Our core capabilities:
• Provide Religious Support
• Advise the command on the internal religious support needs and issues and the external effects of religion/culture on the mission.
The chaplain’s role can be summarized in this tripartite phrase: "Nurture the living, care for the wounded, and honor the dead." We accomplish this through site visitations (battlefield circulation), pastoral counseling, and individual and group worship experiences, performing religious rites, sacraments, ordinances and pastoral counseling for wounded soldiers, and conducting memorial services and providing grief and combat stress counseling for soldiers. As one of the commander’s personal staff officers, we advise the commander on matters pertaining to religion, morals, and morale as affected by religion.
Our core competencies:
• We provide for religious needs through a ministry of presence to soldiers within the command – battlefield circulation
• We provide counseling support to soldiers and families within the command. This is provided irrespective of religious beliefs or practices. It is available to anyone – soldiers, family members and DOD civilians in the area of operation.
• All have 100% confidentiality when speaking privately with a military Chaplain.
• We can also advise the Family Support Group in the unit and provide a channel of communication between the FSG and the command. At echelons above Battalion we provide resources, guidance and training to subordinate chaplains and Religious Affairs Specialists in order to enhance the mission capability of Unit Ministry Teams. We work as a team – one Chaplain and one RA Specialist.
• We manage the Unit Ministry Team assets within the command and coordinate the religious support resources and needs of all units within the command and exercises technical supervision over subordinate chaplains and Religious Affairs Specialists.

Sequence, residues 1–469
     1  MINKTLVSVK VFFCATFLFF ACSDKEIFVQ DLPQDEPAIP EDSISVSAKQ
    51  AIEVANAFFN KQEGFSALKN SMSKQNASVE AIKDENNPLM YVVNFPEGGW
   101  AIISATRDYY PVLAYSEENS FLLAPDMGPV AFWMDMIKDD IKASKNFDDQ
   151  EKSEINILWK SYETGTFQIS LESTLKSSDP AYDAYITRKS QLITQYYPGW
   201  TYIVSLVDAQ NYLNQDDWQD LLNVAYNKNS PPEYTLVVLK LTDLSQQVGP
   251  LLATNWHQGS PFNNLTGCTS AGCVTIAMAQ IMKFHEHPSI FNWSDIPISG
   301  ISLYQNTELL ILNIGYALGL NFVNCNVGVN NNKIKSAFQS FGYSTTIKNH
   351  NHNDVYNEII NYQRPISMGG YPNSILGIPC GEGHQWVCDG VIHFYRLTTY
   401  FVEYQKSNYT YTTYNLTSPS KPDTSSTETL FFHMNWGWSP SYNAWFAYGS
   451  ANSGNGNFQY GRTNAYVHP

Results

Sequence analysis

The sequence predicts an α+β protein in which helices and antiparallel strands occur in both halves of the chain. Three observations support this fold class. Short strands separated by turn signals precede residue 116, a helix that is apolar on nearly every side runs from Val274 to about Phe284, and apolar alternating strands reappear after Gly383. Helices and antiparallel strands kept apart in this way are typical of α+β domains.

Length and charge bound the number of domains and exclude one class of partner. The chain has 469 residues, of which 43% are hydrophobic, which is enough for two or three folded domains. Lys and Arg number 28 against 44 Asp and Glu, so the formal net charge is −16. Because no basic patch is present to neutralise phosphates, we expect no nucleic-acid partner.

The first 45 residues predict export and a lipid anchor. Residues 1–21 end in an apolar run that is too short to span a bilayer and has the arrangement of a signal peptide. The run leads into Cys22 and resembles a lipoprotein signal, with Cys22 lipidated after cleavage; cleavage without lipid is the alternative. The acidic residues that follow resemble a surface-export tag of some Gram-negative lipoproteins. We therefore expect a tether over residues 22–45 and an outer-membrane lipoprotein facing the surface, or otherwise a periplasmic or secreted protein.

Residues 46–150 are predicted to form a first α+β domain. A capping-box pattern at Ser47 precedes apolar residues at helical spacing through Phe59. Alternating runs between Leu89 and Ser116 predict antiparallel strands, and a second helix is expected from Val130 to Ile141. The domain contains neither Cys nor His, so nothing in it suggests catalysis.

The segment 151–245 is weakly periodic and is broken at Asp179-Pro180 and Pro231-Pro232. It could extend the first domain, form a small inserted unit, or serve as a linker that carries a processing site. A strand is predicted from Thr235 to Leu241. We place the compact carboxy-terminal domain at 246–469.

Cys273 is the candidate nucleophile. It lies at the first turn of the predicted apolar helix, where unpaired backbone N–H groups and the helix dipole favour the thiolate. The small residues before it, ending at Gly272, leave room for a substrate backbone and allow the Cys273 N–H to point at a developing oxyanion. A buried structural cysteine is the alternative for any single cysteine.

Bottom Line – if you need spiritual support or just need someone to talk or work through whatever is a challenge in your life call us. We are there to support you and your family.
I enjoy reading short funny stories like this and laughing (LOL) because the life lessons one can learn. There is more than one life lesson from this short story, but I am going to focus on communication. We all know what ASSUME means, and yet we all struggle to seek first to understand rather than to simply form opinions and turn them into facts!
The Train Ride
By: Jake Schembri
As a train is speeding along through the city, four people sit in one of its compartments: A beautiful, vivacious young woman, an old, matronly woman, a poor man and a rich man. Suddenly, the train goes through a tunnel. It is completely dark. Then a loud kiss and an equally powerful slap are heard. When the train exits the tunnel, the rich man is holding the side of his face in agony, while the poor man is grinning uncontrollably.
The old matronly woman thinks: “Now that’s a fine young woman, the poor man tries to steal a kiss in the tunnel and the lady slaps him one – and rightly so!” The young woman thinks: “Now that’s a strange rich man - he’d rather kiss that old hag than me.” The rich man thinks: “Now that’s a smart poor man, he steals a kiss and I’m the one who gets slapped.” The poor man is thinking: “Good, soon we’ll be entering another tunnel, I’ll kiss the back of my hand again and slap that millionaire silly!”
James 1:19 New International Version (NIV), 19 My dear brothers and sisters, take note of this: Everyone should be quick to listen, slow to speak and slow to become angry. It takes time and energy to first seek to understand but that is what communication involves. Seeking to understand rather than forming opinions that ends up as facts! The hard work of listening prevents a lot of assumptions and misunderstandings.